The Kindle Touch is the latest Amazon ebook reader to launch in and outside of the US and the first to sport a touch-sensitive display.
The latest batch of Kindles has actually been a bit slow to filter out to the UK. We got the new £89 Kindle fast enough, but the Kindle Fire has been totally absent anywhere outside the US since its launch, and it’s only now that the Kindle Touch and Kindle Touch 3G have arrived.
The £89 Kindle was a simplified device, losing the keyboard and 3G access to keep its size, weight and price down. The Kindle Touch is a little more flexible, even though it’s arguably simpler still. There’s only one obvious button on it now, below the screen, like the iPad, but it does come in a 3G version for £169 (which is what we have here for review), or a Wi-Fi only model for £109.
The interface is controlled entirely by touch, with new finger-friendly menus on offer. When you’re reading, different parts of the screen offer different options when you tap them – most of the screen is dedicated to turning the page forward one when you tap it, but the far left takes you back, while the top of the screen brings up the menu buttons.
Instead of tapping, you can use gestures anywhere on the screen. Swiping your finger right to left will move you onto the next page, while going the opposite way takes you back. Swiping upwards takes you to the next chapter, downwards takes you to the previous chapter.
Despite the addition of the touch interface, the screen hasn’t really changed. It’s still a six-inch, 600 x 800 E Ink display, with 16-level greyscale. It’s no Retina display, but its crisp and clear nevertheless, and is even an improvement on other models, which we’ll go into on the next page.
The Kindle Touch models come with 4GB of memory, with around 3GB of that being available for storage (Amazon says it’s good for about 3,000 books) – double what’s on offer in the £89 Kindle.
The addition of touch controls, 3G and extra storage hasn’t come without comprises, though. The Kindle Touch weighs 213g, while the 3G version weighs 220g – a good 30 per cent heavier than the 170g Kindle. They’re still very light compared to the likes of the iPad or Asus Eee Pad Transformer Prime, of course.
The Touch models are also thicker, coming in at 10.1mm compared to the £89 Kindle’s 8.7mm. In fact, it’s larger in every way: the Touch is also slightly wider and taller than the cheaper Kindle.
But the extra weight and size does come with one other major advantage: with wireless off, the two Kindle Touch models are rated for two months of battery life at 30 minutes of reading per day, or three weeks with wireless on. The £89 Kindle manages only one month with wireless turned off, though it matches the three weeks with wireless on.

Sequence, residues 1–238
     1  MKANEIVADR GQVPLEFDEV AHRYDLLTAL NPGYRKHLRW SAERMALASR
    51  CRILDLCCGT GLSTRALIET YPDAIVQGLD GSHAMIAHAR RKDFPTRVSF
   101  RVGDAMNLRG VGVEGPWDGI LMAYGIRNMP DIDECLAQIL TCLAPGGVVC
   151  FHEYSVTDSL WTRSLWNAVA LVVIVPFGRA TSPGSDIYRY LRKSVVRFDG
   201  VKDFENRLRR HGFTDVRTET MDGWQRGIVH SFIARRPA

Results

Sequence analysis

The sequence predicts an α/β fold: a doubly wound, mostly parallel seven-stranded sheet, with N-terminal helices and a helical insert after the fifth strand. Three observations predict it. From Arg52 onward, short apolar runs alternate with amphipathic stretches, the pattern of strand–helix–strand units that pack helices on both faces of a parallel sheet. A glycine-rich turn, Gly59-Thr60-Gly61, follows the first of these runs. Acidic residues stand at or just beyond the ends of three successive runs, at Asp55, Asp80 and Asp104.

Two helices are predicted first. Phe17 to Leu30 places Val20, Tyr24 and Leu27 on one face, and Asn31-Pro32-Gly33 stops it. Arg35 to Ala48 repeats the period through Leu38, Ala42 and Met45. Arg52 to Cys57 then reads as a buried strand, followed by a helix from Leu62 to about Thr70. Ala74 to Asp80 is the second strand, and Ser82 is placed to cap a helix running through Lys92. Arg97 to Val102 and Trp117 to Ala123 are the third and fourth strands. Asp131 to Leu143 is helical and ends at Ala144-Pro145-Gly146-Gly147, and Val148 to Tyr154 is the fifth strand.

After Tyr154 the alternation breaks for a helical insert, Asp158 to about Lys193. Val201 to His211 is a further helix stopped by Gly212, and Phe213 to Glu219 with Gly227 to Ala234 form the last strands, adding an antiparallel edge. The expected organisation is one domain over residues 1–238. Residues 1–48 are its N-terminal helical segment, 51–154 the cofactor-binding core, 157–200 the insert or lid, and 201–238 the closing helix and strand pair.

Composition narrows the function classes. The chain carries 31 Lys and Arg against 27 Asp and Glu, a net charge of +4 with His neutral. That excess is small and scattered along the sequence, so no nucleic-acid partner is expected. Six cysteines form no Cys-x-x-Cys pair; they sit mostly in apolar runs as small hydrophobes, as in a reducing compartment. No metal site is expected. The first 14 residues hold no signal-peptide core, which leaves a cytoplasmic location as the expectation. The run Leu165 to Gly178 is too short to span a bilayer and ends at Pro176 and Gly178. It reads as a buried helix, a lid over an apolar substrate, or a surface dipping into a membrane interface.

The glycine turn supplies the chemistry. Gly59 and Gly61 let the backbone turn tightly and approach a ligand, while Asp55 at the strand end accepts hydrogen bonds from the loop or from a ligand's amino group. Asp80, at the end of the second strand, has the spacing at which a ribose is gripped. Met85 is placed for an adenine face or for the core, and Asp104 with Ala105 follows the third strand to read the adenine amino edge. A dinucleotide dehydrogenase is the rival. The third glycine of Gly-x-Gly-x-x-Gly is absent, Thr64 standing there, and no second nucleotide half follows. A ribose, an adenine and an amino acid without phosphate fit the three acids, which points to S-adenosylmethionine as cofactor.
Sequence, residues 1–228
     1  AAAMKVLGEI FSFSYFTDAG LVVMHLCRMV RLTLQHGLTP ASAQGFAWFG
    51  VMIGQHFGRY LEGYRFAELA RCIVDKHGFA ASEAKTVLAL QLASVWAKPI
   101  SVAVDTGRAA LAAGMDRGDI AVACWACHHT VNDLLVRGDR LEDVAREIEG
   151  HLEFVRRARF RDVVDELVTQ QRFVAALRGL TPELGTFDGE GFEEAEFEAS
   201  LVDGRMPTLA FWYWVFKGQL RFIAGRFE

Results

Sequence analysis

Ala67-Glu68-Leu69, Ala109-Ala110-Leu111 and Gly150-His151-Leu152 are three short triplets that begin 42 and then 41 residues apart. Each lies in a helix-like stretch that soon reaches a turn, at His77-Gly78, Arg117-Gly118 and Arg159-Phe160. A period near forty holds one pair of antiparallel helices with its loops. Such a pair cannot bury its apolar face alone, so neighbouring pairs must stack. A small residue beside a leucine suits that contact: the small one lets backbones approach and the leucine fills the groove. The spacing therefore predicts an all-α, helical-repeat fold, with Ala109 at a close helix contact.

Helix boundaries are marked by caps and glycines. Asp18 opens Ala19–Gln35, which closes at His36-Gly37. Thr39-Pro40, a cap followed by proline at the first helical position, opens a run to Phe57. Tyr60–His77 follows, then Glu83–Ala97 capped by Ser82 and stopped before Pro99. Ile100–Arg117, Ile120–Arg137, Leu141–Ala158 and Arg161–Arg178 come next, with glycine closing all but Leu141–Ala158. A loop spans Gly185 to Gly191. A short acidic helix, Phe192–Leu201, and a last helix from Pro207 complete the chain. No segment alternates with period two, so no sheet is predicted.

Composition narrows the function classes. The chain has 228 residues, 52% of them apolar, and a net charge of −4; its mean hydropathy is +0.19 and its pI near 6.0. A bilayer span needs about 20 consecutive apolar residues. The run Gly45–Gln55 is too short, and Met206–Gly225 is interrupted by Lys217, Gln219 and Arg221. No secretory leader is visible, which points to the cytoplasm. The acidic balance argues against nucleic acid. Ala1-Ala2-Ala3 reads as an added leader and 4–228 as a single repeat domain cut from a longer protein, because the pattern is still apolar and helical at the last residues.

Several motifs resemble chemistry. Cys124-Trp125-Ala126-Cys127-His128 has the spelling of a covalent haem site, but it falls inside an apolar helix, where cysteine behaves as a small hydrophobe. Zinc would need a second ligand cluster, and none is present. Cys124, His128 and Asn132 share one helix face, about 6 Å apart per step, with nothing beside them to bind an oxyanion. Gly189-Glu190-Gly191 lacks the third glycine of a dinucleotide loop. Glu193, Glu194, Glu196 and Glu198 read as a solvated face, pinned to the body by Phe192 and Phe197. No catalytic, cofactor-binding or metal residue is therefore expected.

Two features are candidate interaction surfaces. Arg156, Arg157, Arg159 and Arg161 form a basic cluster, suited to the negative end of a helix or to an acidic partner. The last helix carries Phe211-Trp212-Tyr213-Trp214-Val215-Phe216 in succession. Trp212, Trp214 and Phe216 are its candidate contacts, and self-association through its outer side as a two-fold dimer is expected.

So, a touch interface, longer battery life, optional 3G, more storage, more money, more weight and added thickness… does it balance out into a better Kindle?
Inevitably, the first thing you’ll want know about the Kindle Touch is how well the touch controls work. Amazon has used infrared technology to add its touchscreen capabilities, which avoids using any touch-sensitive layers on the E Ink screen itself that might compromise its quality.
When you combine that infrared technology with the E Ink screen, which is, shall we say, not the fastest to refresh in the world, what you get is touch technology that’s perfectly serviceable, though not exactly as responsive as the Android and iOS tablets of this world.
There’s a slight delay when you make screen selections, but it’s not too bad at all – after all, you’re not running complex apps here. The menus all offer decent size buttons to hit, and the accuracy seems spot on.
Perhaps surprisingly, there’s even some limited multitouch support. Pinching in or out on a book’s pages brings up a floating text-size indicator, and you can then either keep pinching to change the text size, or just tap on one of the sizes in this window.
Perhaps most importantly, the touch controls feel totally natural, and understandable. To highlight, you simply tap and hold on a word and then drag your finger over your selection and choose Highlight (or Add Note or Share) from the pop-up menu.
Swiping to turn the page works well (it too has an unavoidable delay while the display updates), and has the advantage of making how you use Kindle books mostly consistent across the likes of the Kindle Fire and through its apps on devices such as the iPad.
The only place where the touch interface struggles is scrolling. There aren’t many lists in the Kindle interface, but a book with a lot of chapters might give you problems. Basically, you drag to scroll, as you would expect, but the delay makes it a bit of a pain. More than that, there’s no momentum scrolling, so if there’s a very long list, and you’re not sure what to search for, you could be there for some time.
The on-screen keyboard, though, works very well. You can pretty much type at full speed, despite the delay in visual feedback, because the keys are separated well. There’s an autocorrect bar that pops up, and numbers and punctuation on a second screen.
It’s certainly several levels up in convenience from using the navigation pad on the £89 Kindle, so if you tend to search for and buy a lot of books actually on your Kindle device, it’s a big advantage.
As we said, the screen itself is pretty much the same as it has been for some time now, but in a side-by-side comparison between the Kindle Touch 3G and the £89 Kindle, the text on the Touch model is noticeably blacker than on its slimmer brother.
The difference isn’t enough for us to say that you should dismiss the £89 Kindle based on it, but having spent time using both, the Touch’s screen is definitely the better of the two, with text standing out better than ever.